seniors with fall risks


Know your client's personal risk factors for falls

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The Center For Disease Control classifies risk factors for falls into two categories: intrinsic and extrinsic. The intrinsic risk factors are those that are specific to each individual - in other words, they're personal and not environmental factors. If you provide at-home senior care here's a simple guide for understanding your client's intrinsic risk factors for falls:

Sensory issues
If your client can't see or feel well, they're more likely to suffer a fall. Poor vision keeps elderly people from being able to see the extrinsic risk factors, such as uneven ground or a cluttered walkway. Seniors with little or no feeling in their feet or legs are also at high risk for falling, because they're unable to feel the ground and can't make adjustments to their gait and movements when necessary.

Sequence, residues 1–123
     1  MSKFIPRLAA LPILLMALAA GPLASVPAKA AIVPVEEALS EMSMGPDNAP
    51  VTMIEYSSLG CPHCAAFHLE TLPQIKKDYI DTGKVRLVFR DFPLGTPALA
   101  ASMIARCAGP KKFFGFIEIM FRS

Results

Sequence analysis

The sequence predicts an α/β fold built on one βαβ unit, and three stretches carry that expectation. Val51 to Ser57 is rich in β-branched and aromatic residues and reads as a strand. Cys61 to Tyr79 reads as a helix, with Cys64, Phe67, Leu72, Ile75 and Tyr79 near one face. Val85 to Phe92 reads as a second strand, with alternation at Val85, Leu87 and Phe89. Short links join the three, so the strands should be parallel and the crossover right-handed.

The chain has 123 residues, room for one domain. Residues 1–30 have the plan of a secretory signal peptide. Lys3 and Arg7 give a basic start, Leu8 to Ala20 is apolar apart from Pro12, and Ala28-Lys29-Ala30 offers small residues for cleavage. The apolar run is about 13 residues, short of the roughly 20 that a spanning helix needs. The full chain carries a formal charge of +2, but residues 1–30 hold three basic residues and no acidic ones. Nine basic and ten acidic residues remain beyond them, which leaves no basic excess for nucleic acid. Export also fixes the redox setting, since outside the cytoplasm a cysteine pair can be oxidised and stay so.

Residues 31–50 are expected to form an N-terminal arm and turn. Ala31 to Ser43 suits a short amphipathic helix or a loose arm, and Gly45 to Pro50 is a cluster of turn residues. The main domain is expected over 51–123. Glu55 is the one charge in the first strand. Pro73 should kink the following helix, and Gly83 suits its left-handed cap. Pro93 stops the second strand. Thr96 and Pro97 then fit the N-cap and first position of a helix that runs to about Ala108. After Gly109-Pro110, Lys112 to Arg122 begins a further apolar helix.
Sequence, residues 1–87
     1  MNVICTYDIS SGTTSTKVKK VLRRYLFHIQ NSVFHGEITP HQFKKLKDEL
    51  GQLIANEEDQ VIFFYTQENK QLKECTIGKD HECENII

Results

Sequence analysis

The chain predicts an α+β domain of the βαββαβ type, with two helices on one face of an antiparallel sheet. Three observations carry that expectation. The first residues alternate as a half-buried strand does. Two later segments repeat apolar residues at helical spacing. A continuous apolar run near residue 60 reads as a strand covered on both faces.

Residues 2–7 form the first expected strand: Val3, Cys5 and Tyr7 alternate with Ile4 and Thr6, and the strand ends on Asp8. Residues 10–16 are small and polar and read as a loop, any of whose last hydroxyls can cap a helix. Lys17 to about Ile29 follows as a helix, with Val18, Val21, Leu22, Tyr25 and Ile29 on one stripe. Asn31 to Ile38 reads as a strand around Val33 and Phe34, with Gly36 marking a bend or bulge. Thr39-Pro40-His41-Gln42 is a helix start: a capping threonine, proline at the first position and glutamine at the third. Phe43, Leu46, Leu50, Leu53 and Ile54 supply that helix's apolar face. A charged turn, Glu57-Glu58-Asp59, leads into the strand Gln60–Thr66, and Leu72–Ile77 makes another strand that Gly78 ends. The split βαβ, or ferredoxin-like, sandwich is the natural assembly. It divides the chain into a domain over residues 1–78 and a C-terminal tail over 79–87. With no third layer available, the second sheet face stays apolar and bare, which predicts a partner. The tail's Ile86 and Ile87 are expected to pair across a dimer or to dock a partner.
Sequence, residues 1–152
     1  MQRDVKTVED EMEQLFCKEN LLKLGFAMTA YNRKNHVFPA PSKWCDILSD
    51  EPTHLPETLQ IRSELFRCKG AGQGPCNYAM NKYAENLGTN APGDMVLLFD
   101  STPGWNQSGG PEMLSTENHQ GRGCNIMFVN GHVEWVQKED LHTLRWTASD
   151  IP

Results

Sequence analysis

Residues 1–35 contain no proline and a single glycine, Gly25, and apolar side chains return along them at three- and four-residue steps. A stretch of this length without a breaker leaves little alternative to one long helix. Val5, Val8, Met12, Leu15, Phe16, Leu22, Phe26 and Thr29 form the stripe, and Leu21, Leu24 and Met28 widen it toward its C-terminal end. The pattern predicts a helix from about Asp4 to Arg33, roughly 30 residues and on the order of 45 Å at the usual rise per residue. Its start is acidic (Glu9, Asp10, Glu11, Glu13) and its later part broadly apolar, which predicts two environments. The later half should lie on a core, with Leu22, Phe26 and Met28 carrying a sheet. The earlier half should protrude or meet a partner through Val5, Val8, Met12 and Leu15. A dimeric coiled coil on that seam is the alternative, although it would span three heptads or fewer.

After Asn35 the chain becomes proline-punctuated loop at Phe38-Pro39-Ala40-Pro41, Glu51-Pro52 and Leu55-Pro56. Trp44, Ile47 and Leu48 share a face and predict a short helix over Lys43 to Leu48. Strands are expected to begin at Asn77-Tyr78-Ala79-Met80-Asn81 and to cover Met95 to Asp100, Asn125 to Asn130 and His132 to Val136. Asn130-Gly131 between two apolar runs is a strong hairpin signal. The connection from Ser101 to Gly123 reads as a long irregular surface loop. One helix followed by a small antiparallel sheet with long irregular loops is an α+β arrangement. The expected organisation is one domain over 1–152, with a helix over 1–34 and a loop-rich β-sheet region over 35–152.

Lower body muscle weakness
When the legs, feet and knees are weak, it's harder for seniors to use those muscles to recover from an imbalance, leading to falls.

As a general rule, the more medications a senior is on, the more likely they are to fall. Psychoactive medications often have side effects like dizziness, unsteadiness, muscle fatigue and even confusion, which are all risk factors for falling.

Postural hypotension
Postural hypotension is a condition, common in seniors, of low blood pressure that causes dizziness from standing up after being seated for a long time.

Other conditions
If your client has Alzheimer's, Parkinson's, diabetes or another chronic condition, they're at a higher risk for falling. It's important to watch seniors with these conditions carefully during times that they're being active.

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